The contrast would look trite in fiction.
Facing Lincoln Park, the luxurious Lincoln Park 2520, where condo prices soar toward $6 million a unit. The building, opened in 2012, has two pools, a movie theater and a private garden. Designed by Chicago architect Lucien LaGrange, the center 39-story tower is flanked by a pair of 21-story wings, given a distinct Parisian air with its metal mansard roof.
Nestled behind — the building actually wraps around it — and sharing the same address is the National Shrine of Saint Frances Xavier Cabrini. It’s the former chapel of Columbus Hospital, shuttered in 2001; when the 3-acre hospital site was sold to developers, the stipulation was the shrine would be preserved.
And it is, having re-opened in 2012. No pool, but the first American saint’s upper right arm bone displayed at the altar in a glass and bronze reliquary. The bedroom where she died in 1917. Her bed, where prayers for the sick are sometimes tucked under the pillow, and it is not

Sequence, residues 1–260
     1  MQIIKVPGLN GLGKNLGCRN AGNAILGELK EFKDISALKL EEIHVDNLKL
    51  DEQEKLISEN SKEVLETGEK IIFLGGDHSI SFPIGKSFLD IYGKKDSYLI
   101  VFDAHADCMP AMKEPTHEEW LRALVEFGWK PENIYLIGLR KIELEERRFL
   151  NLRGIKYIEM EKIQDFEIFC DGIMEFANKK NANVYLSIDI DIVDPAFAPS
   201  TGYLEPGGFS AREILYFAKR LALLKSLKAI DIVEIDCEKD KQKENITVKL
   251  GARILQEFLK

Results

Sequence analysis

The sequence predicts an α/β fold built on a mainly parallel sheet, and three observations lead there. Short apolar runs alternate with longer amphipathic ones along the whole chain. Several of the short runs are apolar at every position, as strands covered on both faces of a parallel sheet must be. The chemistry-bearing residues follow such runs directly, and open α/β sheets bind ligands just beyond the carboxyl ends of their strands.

|Sister Bridget Zanin|
Born in Italy, Cabrini dreamt of working in China, but was sent to the United States instead, arriving in 1889. The contempt held for Italian-American immigrants at that time can hardly be overstated. They were seen as not white, lower than even the hated Irish, sometimes lynched — the largest mass lynching in the United States was of 11 Italian-Americans in New Orleans in 1891.
Cabrini, undeterred by all this, traveled the country, starting convents, schools, orphanages and hospitals. She was made a saint in 1946 — 100,000 people attended the celebratory mass at Soldier Field....
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